If a taxpayer does not file, it could result in various actions. If there is no tax and no filing requirement, (say he only makes $4,000 a year which is less than his standard deduction
+ exemption), then nothing might happen.
If he had more income, the IRS may start sending notices to him asking for the returns. If the IRS does not get a reply, the various payors such as his employer, bank, etc. would have reported their information to the IRS. The IRS may take this information and prepare a substitute tax return for him based on this information and information based on prior year returns. Of course, when they do that, they give the least favorable items and send a usually large notice for tax, late filing penalty, late payment penalty and interest. There is usually no "civil penalty" unless fraud was involved. They give taxpayers a chance to file a corrected ("true") return after this. It is better to file and pay any tax as soon as possible as this will limit the accruals of late filing penalty, late payment penalty and interest. If you have a refund due back instead of owing tax, a taxpayer must file within 3 years of the original return due date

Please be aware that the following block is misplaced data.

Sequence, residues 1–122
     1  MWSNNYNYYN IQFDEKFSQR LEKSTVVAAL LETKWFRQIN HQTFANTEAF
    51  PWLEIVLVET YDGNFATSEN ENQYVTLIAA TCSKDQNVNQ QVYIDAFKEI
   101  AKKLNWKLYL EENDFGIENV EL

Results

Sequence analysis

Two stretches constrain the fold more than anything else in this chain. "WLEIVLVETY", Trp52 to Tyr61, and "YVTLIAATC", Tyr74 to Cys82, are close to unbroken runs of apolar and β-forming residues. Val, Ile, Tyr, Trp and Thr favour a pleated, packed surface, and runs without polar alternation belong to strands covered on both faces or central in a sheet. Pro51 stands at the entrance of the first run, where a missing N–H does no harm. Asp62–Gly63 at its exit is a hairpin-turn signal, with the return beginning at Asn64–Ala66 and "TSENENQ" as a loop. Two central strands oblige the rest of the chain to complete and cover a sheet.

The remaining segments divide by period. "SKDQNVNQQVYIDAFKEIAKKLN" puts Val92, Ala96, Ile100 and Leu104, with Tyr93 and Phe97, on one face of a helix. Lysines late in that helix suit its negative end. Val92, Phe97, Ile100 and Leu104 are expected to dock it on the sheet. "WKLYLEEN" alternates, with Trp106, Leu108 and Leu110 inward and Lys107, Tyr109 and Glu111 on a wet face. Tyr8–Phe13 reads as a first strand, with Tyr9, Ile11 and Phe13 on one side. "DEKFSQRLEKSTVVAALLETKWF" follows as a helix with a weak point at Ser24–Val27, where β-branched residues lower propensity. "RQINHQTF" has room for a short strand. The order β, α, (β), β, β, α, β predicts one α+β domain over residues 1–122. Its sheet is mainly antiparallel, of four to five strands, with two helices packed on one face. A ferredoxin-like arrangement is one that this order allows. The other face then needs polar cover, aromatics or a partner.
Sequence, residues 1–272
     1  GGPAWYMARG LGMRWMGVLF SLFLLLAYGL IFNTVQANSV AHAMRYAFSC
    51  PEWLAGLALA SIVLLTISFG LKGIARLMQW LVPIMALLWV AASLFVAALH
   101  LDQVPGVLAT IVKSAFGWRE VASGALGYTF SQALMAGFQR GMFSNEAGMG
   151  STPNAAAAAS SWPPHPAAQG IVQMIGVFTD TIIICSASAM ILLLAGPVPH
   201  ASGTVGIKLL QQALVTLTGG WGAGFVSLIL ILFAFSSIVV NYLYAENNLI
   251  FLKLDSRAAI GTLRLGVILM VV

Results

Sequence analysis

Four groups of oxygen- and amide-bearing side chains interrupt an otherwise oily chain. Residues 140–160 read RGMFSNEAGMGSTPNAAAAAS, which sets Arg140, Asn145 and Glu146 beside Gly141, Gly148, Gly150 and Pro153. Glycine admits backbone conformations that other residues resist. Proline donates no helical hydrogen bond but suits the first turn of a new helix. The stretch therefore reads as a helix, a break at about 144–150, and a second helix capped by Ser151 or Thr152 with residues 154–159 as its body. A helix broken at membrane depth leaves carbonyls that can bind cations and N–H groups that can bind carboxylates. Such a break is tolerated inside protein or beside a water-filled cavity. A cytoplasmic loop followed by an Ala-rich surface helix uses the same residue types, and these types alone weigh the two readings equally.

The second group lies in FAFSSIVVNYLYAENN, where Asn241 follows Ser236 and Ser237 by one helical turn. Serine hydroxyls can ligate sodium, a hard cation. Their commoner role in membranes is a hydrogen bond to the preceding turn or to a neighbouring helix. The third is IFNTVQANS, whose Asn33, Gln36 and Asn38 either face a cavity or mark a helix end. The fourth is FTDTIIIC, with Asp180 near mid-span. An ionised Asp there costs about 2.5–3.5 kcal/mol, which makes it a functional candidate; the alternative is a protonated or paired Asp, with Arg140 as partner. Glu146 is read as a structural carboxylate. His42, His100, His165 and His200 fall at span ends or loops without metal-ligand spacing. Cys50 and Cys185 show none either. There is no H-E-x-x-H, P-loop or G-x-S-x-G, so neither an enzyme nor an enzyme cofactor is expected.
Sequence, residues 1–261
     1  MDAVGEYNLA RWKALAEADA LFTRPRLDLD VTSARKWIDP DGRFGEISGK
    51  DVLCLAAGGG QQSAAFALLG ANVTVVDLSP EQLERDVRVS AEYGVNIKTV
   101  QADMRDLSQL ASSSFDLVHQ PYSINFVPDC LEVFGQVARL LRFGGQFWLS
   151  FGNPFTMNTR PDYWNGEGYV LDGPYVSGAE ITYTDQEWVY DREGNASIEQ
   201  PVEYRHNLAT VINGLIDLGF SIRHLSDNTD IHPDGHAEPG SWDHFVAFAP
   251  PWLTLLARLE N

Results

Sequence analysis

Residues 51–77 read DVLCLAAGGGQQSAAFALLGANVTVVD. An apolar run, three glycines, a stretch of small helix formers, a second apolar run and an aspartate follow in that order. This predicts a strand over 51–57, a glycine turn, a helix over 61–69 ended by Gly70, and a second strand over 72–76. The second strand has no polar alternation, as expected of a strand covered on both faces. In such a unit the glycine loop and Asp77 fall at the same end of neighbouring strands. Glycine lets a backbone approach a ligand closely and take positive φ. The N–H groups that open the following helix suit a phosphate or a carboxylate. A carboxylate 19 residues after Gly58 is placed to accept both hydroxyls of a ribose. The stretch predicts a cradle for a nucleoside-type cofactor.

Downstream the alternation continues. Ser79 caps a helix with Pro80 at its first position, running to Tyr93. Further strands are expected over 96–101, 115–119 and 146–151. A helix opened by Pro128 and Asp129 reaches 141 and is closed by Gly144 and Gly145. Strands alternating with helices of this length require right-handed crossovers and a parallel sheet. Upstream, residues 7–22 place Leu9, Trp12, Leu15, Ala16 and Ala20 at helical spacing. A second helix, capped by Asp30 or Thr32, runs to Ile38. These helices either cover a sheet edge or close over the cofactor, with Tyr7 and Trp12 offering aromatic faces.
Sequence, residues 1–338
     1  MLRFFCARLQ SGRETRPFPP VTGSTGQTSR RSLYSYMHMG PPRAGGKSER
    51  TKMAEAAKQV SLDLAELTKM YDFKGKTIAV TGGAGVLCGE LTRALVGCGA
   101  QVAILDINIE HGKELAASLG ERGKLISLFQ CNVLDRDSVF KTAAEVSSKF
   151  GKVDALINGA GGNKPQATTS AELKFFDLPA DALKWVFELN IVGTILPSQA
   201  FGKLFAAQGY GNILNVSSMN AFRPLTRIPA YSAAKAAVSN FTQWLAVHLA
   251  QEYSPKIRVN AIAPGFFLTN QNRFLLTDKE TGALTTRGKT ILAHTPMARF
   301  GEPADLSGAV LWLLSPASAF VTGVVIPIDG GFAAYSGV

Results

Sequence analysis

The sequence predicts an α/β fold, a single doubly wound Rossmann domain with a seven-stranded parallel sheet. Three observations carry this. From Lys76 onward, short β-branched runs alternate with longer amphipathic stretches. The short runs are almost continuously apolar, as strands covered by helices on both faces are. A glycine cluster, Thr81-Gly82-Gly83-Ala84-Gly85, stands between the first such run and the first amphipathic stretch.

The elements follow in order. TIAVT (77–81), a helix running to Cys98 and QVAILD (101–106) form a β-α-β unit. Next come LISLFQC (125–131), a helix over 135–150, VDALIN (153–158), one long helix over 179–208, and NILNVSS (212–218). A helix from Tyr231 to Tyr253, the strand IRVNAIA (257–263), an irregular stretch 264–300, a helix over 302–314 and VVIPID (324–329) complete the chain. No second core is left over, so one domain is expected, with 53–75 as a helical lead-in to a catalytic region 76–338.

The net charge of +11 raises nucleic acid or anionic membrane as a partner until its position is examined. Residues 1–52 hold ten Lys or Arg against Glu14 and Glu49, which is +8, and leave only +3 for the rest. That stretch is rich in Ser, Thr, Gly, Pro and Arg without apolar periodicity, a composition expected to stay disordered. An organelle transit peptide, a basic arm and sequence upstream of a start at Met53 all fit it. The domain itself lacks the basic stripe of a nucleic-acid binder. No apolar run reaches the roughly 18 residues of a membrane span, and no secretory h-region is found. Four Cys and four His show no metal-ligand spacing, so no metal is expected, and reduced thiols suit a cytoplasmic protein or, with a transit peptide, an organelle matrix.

or extension or the IRS will not issue the refund due to the refund statute. The IRS may also share information with state and local
tax agencies if returns are required to be filed with them also. Similar actions with state and local agencies could result.
I hope this helps. Please be sure to click the green accept button below as I do not get credit for the answer if you don't. Thanks!
Edited by J. Michael Knoebel on 10/2/2009 at 4:39 PM EST